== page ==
The two men who invaded the village are given an elusive identity, “…one of the men is tall, rather handsome — in a vulgar way — a little dim and vicious, while the other man is shorter, weasel-faced, and sly.” We have no idea who these men are or where they come from. All we know is that they bring fear and senseless violence. Smith asserts, “..such people become nothing more than ga haramata, they lose themselves, their names and faces, and can no longer claim merely to bring the whirlwind, they are that wind.” Unfortunately, irrational violence has occurred universally throughout time. In an interview with Smith, she explains she was inspired by Hungarian folklore — fables that were orally transmitted for hundred of years. The folktales express horrors that have been passed down through the ages.
In the last paragraph the author almost reveals to us the true identity of the attackers, “It is probably not his real name but he said his name was — ” but at the last moment leaves us hanging! The author consciously leaves us questioning the true identity of the cowards, for without a name, the two men who raped and traumatized an entire village are transformed from a story into a timeless parable, a story used to teach a lesson.
During the bloody chaos of the attack, we are graced by the security of the women of the village. The women are the strong glue that hold the families together. They are the unrecognized leaders of communities, as Smith highlights “…in our village we are very fortunate to have no rigid bureaucrats but instead the chief’s wife, who is, when all is said and done, more of a chief to us than the chief has ever been.” A woman’s identity is pride filled and cannot be annihilated, even by the most extreme incitement of fear. When the cowards arrived by foot in the village, it was the bravery of the women who took a stance, not the men “…the old men in the village — who, though men, have no defense — will often now grab at the bottles themselves, drinking deeply and weeping…” The author profoundly describes the actions the women took to maintain the safety of their families during the attack, “…in formation, arms linked the one to the next, in a ring around our girls…” fighting tooth and nail to protect their babies.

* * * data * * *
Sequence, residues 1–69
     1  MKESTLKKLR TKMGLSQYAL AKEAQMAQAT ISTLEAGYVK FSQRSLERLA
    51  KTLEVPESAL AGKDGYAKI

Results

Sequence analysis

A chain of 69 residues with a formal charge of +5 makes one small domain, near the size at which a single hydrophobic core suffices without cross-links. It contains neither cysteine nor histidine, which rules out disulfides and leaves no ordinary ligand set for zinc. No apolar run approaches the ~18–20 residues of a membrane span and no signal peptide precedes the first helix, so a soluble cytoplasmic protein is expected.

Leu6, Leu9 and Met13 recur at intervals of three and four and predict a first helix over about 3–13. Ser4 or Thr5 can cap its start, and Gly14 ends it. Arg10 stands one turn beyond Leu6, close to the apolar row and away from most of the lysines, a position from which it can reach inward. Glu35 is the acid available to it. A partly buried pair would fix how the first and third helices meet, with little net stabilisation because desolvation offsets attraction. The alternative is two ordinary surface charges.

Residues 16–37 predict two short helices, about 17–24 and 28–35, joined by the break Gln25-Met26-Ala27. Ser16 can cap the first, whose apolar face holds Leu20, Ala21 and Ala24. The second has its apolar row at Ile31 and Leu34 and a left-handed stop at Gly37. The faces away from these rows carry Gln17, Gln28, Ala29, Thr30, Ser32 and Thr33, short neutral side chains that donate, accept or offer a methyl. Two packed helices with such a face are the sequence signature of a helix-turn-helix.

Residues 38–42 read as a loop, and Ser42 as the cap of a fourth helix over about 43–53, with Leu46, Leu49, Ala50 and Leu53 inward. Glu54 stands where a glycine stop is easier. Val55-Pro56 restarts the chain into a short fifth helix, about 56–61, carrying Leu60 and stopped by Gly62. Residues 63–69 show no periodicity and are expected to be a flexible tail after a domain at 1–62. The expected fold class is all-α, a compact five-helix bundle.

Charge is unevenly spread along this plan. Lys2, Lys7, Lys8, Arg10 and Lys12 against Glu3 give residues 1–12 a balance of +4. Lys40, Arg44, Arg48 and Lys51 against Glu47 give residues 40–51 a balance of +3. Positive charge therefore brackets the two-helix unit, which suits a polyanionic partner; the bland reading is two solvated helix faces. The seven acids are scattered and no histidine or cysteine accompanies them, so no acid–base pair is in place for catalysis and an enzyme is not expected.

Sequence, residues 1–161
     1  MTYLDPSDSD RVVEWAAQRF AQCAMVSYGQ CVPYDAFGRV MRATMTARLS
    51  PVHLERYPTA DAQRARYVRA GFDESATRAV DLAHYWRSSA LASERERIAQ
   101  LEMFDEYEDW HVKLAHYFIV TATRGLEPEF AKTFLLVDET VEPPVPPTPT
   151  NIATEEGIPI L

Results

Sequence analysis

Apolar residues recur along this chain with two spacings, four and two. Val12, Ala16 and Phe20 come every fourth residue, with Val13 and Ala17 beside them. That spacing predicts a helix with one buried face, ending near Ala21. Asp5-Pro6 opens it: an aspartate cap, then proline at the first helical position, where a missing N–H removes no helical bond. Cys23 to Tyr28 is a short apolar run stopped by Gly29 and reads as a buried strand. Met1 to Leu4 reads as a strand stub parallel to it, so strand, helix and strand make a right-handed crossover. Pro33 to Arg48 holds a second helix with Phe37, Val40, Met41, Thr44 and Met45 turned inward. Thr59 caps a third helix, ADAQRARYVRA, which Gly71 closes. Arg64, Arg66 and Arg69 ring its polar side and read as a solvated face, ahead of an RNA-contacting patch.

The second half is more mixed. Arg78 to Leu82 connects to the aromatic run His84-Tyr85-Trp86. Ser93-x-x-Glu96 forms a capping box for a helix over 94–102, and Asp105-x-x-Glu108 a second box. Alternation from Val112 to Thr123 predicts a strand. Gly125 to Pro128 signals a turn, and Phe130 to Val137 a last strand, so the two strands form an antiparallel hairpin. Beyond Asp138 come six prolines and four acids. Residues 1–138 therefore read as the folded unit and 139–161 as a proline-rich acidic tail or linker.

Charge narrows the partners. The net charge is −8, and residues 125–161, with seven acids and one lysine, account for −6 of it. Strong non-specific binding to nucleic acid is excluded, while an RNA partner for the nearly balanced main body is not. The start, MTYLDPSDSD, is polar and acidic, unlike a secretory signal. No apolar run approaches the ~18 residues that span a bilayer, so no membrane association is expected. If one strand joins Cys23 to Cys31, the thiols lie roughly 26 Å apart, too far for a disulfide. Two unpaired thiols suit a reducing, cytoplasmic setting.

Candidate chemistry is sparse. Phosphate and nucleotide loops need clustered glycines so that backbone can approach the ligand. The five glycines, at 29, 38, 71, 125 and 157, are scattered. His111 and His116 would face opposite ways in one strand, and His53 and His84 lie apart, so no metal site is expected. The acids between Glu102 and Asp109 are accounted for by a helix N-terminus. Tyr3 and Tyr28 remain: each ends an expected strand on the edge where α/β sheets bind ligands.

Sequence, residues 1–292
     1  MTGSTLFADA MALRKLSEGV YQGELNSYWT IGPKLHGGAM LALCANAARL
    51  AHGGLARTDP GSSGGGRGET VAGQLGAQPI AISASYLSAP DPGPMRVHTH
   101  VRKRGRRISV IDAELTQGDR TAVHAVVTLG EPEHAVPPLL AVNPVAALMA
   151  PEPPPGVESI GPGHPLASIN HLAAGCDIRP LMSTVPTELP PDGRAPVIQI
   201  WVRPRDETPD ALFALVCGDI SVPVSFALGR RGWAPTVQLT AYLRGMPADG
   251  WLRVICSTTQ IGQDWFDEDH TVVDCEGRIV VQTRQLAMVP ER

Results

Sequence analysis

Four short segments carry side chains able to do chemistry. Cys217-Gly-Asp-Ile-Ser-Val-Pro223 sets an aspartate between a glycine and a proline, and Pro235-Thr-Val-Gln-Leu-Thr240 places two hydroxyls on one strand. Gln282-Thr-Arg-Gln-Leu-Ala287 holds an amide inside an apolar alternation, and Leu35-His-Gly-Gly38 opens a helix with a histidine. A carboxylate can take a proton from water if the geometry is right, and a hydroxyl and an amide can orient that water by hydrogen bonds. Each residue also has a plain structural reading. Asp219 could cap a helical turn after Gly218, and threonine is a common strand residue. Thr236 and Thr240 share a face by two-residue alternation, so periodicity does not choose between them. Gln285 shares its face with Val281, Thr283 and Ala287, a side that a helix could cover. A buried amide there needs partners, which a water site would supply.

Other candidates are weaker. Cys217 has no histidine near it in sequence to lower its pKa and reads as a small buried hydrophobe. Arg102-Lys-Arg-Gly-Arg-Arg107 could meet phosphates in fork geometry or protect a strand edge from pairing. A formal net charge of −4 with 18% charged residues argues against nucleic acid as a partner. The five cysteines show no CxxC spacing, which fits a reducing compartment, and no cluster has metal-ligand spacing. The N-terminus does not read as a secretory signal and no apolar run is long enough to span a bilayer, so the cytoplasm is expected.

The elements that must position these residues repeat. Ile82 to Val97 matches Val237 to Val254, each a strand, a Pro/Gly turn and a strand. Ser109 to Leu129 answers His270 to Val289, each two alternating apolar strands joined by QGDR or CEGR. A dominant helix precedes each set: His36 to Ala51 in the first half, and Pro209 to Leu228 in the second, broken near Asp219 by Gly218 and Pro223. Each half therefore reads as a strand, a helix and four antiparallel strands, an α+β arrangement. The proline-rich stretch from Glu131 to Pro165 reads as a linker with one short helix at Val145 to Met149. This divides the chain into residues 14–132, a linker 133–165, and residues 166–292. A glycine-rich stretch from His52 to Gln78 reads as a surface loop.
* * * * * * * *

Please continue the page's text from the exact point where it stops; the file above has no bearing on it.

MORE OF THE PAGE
While the women of this village are incredibly inspirational, women protecting their communities is a theme we see throughout history. I am reminded of an event that happened in my own community in October of 2002 — a month of terror. Two men were traveling down the highway through Virginia, randomly shooting people at gas stations, grocery stores, even schools. In one month, ten people had been gunned down — ten people. Schools all throughout the state had been closed. One morning before the cowards had been caught, our community decided it was time to stop living in fear and to move forward. My school reopened. Our courageous mothers, including my mother, linked their bodies together creating a tunnel for their babies to walk through to enter the school. From Africa to Virginia, women around the globe have demonstrated strength and healing to ensure their villages move forward. Smith’s story brings universal time and place together, showing a woman’s brave role in human survival will never be diminished.
We are faced with the question, how will you be remembered when you are no longer on this earth? Will your actions and identity linger like the couragesness of these women, or will they blow over like the cowardness of the men in the ga haramata winds?
“Beltway Snipers, Part 1.” FBI. FBI, 22 Oct. 2007. Web. 11 Sept. 2016 <https://archives.fbi.gov/archives/news/stories/2007/october/snipers_102207>.
Himba Woman and Some of Her Family Standing in Her Father’s Homestead in Otutati, Namibia. N.d. Web.
Leyshon, Cressida. “This Week in Fiction: Zadie Smith on Stories That Implicate Everybody.” The New Yorker. N.p., 2016. Web. 05 Dec. 2016.
Smith, Zadie. “Two Men Arrive in a Village.” New Yorker. N.p., 6 June 2016. Web. 7 Sept. 2016.